Living standards squeeze continues in UK, says IFS
Average UK living standards have fallen "dramatically" since the recession and will not reach pre-crisis levels by the next election, economists have said.
The Institute for Fiscal Studies (IFS) calculated that a mid-range household's income between 2013 and 2014 was 6% below its pre-crisis peak.
This was felt equally across high and low income groups when the cost of living was taken into account.
But those on low incomes could feel the squeeze more in the coming years.
This was the result of further cuts to benefits and tax credits, the IFS said.
The findings will further fuel the political debate about the UK's economic recovery and whether this will benefit all groups of society equally. The IFS suggested that, so far, this debate had suffered from a lack of up-to-date information.
In an early release of a chapter of the annual IFS Green Budget, the group has calculated that a household in the middle of the income scale has seen a 6% drop in income since 2007 to 2008, although the fall in income had now come to a halt.
The analysis suggests that those near the top end of the scale, 10% from the very richest, have seen their incomes hit hardest, with a fall of 9% since the recession.
Meanwhile, those near the bottom, 10% from the very poorest, have seen their incomes drop by 2.4% over the same period.
This reflected the fact that earnings had increased slower than prices, while benefit rates had kept up with the cost of living.
However, the IFS said that those with relatively high incomes had benefitted from cheaper mortgage rates.
In contrast, rising food and energy prices, which formed a bigger proportion of the spending of poorer households, had risen faster than the average cost of living measured by inflation.
The report said that inflation between 2008 and 2013 was 20%, while energy prices rose by 60% and food prices were up by 30% over the same period.
"Looking forward, there is little reason to expect a strong recovery in living standards over the next few years," the report said.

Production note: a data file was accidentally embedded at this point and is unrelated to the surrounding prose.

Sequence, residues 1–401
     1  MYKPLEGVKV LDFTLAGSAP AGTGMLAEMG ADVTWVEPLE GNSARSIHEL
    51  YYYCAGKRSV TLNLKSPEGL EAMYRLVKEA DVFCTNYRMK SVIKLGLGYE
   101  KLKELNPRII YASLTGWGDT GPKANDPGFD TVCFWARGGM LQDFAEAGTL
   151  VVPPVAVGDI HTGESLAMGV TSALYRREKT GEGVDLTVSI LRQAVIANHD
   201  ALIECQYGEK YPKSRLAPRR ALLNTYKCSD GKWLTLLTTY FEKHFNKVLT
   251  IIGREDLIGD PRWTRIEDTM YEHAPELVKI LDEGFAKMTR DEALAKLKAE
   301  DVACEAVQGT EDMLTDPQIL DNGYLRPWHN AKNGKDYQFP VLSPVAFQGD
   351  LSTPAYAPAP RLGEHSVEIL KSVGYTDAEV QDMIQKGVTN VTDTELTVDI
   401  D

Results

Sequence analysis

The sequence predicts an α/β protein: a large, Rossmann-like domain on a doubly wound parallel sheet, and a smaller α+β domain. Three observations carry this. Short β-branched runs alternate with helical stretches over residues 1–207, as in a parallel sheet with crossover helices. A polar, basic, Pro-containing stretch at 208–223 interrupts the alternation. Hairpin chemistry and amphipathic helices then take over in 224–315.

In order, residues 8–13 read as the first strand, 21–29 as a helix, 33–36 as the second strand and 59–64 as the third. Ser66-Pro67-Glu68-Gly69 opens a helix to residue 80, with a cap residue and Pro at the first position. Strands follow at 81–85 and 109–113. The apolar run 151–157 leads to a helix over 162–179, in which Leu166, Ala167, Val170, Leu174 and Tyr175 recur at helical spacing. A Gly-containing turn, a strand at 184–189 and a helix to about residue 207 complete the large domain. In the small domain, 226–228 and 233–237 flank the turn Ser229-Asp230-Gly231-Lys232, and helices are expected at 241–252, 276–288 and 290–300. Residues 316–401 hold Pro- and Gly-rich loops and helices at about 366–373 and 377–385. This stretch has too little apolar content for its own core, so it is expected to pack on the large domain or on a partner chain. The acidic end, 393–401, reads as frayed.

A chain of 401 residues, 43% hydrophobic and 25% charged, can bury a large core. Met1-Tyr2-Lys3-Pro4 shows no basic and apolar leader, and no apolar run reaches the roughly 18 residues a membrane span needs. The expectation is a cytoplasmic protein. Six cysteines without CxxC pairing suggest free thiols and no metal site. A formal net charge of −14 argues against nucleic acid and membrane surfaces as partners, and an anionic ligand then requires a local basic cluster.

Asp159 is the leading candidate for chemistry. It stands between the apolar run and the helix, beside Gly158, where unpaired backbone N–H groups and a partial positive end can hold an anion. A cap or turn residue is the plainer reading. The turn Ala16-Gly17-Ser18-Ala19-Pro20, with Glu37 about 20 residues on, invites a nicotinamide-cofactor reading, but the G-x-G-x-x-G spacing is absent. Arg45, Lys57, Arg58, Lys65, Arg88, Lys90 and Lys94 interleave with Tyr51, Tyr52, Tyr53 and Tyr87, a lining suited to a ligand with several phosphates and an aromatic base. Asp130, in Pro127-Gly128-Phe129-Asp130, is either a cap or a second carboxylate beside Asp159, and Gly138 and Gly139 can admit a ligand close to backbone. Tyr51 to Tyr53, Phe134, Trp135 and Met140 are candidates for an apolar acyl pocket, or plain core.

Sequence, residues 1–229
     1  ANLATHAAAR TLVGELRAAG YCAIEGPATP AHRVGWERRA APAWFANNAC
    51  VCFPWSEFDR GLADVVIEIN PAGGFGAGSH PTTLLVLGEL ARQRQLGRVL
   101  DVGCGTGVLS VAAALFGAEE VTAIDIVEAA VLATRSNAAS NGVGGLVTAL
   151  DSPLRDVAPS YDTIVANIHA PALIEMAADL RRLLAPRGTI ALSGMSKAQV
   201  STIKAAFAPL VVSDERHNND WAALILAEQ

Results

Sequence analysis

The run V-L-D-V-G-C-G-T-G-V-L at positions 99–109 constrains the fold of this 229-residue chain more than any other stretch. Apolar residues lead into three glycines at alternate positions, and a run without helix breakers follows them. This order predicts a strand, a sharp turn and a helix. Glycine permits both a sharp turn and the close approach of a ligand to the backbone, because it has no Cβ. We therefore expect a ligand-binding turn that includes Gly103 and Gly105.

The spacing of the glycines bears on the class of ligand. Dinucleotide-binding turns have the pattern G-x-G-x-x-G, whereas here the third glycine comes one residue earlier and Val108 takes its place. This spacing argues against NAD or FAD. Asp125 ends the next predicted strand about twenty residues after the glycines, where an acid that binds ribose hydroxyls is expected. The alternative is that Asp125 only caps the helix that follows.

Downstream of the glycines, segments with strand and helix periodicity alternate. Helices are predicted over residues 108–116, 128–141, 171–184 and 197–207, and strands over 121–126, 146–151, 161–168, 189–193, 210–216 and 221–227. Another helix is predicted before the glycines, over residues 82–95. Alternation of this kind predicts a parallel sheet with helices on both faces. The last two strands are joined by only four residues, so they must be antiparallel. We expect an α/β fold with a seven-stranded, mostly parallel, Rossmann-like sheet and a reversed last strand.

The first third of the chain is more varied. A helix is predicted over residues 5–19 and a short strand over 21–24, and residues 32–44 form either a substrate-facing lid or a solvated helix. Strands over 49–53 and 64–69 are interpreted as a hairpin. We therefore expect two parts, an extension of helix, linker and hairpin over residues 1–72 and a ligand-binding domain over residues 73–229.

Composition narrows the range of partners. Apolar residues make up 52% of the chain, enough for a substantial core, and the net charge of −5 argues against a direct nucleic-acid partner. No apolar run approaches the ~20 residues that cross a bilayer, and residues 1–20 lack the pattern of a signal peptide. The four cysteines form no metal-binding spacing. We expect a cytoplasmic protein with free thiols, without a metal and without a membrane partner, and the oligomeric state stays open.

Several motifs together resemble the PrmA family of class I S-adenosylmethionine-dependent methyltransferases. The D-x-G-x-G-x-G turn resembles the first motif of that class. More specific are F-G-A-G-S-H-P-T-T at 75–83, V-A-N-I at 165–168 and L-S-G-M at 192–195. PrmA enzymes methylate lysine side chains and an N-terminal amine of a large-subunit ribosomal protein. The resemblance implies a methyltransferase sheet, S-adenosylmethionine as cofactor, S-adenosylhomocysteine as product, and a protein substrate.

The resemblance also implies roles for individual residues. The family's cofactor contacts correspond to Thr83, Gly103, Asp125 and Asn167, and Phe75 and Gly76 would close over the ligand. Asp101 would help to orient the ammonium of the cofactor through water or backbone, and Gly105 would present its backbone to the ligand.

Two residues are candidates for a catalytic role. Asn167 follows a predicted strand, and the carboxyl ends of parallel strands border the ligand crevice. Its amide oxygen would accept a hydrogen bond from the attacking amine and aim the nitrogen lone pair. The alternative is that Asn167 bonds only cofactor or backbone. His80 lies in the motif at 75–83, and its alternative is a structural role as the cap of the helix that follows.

"Given this, it seems highly unlikely that living standards will recover their pre-crisis levels by 2015 to 2016."
It added that earnings might pick up faster than benefits and tax credits, which meant the poorest might be squeezed harder than others.
Paul Johnson, director at the Institute for Fiscal Studies, told the BBC: "The losses are pretty flat across the income distribution."
He said earnings had started to move more in line with prices, which would "continue to be the case" during the next year, although he warned that this could be offset by higher interest rates.
Mr Johnson said the increase in the number of people going back to work was "remarkable".
But he added: "If you look at incomes it looks like the poor are going to do rather badly and the somewhat better off, a bit better over the next couple of years."
The IFS research came on the same day that the Office for National Statistics (ONS) said that UK real wage growth was the strongest in the G7 group of countries before the financial crisis.
However, post-downturn, the UK has experienced the largest fall in real wage growth among this group of countries - the UK, the US, Japan, Italy, Germany, France and Canada.
Labour has been making a political point for some time over the cost of living. Earlier this month, party leader Ed Miliband said middle-class families were facing a "crisis of confidence" as a result.
On Thursday, the Chancellor, George Osborne, said: "The IFS have made clear just how much poorer the country is as a result of Labour's great recession, but also that the fall in incomes 'has probably come to a halt' and that the median household will see a rise in household income in 2013-14."
Catherine McKinnell MP, Labour's shadow Treasury minister, said: "Working people are worse off under the Tories.
"A Labour government will act to ensure we can earn our way to higher living standards for all and tackle the cost of living crisis. We will freeze energy prices until 2017, expand free childcare to make work pay and ensure 200,000 new homes are built every year by 2020."
However, the coalition has said that workers had been gaining the benefit of a pick-up in the UK economy.